These girls took me south in the deep riverine. It was fairly open here. A bushbaby jumped easily out the way, bouncing from branch to branch into the higher canopy of an Acacia galpinii. The lions reached the river and walked northwest in the sandy riverbed. I followed up on the bank. A long way behind us the males followed. They would no doubt come rushing in if the girls killed and steal their kill from them. A lion roared several times to the south. The lions I was with kept quiet. Were they on hallowed ground? They crossed the river. I now had to rely on Joanie. The bank I was on was steep, but going down is never really a problem. Would I be able to get out the other side? Joanie worked hard crossing the soft sandy river using her lowest gears to grind her way across. I found an area on the far bank that wasn’t sheer and had a slight slope. Joanie worked her magic, her front wheels instantly grabbing the firmer ground and hoisting us up the bank. On top there was more sand, from the cyclone, where the girls were now resting. I couldn’t see the boys, but they were no doubt fully in control of the whereabouts of the girls. We slept here a couple of hours. Every now and then a baboon coughed from high up in its roost north of us. Was the cooler weather getting the better of him? I dosed off and must have missed the yawns but saw the girls heading north. They crossed back over the river. This time beyond Joanie’s capabilities, the banks sheer on my side and dense Croton on the far bank. We tried going round, but it was a long way and I never did pick up the girls again.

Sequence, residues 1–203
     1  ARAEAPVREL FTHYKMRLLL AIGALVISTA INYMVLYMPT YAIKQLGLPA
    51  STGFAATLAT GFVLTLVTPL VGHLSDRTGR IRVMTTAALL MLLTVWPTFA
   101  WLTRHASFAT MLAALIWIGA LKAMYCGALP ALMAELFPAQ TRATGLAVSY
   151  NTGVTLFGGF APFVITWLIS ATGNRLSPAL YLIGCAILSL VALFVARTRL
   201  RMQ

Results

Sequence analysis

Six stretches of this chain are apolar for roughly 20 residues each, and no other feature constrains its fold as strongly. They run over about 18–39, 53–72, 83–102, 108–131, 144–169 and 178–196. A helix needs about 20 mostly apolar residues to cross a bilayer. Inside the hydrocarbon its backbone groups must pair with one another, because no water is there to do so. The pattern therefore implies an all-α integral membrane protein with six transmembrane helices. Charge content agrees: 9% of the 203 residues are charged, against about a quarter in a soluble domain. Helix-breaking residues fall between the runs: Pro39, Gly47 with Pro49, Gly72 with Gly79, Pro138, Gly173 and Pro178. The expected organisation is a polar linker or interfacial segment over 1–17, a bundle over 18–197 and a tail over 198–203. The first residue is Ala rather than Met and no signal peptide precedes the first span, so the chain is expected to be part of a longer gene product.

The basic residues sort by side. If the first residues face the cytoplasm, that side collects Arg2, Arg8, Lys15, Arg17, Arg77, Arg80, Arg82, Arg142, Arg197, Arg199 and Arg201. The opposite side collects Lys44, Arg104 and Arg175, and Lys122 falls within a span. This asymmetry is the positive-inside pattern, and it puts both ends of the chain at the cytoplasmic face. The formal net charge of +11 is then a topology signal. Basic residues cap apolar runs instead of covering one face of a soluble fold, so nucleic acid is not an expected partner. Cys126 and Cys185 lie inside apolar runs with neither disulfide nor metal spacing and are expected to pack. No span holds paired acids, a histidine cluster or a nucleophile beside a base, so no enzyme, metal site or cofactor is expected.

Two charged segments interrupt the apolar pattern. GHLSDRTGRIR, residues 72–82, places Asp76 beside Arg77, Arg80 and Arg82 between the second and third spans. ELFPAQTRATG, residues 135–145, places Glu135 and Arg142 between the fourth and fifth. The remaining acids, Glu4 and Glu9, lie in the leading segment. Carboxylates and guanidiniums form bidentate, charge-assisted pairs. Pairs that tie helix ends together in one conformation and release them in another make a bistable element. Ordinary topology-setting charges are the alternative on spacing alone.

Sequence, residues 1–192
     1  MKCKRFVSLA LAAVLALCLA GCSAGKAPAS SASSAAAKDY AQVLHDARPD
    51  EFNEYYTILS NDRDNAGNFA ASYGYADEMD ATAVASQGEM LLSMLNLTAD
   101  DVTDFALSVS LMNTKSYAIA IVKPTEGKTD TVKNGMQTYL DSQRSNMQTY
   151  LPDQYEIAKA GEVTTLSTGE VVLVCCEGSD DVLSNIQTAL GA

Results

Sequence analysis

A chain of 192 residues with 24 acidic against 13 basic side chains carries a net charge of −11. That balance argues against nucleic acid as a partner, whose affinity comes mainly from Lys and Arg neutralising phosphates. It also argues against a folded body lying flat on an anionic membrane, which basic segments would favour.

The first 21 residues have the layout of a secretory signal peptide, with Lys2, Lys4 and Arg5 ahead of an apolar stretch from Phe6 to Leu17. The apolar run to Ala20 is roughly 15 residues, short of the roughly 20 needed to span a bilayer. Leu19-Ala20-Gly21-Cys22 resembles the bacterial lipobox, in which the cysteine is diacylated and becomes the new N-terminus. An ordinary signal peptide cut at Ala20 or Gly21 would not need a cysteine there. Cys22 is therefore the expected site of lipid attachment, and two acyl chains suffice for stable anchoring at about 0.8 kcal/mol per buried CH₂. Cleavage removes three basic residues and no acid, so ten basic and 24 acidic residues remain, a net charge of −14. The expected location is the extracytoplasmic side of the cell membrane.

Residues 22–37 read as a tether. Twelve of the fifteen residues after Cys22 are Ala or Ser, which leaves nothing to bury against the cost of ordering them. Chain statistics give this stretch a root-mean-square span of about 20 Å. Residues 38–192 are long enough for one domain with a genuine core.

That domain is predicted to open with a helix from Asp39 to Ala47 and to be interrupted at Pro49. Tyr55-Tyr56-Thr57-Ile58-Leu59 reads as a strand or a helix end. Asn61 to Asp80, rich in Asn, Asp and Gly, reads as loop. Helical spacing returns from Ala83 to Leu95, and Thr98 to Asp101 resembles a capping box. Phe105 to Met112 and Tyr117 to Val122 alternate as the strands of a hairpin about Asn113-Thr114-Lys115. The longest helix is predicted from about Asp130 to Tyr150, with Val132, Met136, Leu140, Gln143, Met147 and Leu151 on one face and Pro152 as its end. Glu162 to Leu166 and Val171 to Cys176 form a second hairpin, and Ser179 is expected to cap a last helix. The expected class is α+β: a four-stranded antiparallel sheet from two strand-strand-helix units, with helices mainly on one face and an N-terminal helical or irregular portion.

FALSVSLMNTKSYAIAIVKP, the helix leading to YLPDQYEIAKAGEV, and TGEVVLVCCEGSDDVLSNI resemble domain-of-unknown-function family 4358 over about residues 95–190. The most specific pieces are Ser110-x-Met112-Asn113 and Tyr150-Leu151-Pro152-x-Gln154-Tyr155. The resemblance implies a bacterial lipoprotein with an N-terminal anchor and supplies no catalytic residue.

The sun is now high and the waterbuck have returned to graze. And……. no sign of any badgers… ☹

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Leopards corner

There are vultures flying overhead. Didn’t think I looked that ready to be their meal. I thought they were onto something but for now are just catching the first thermals of the day.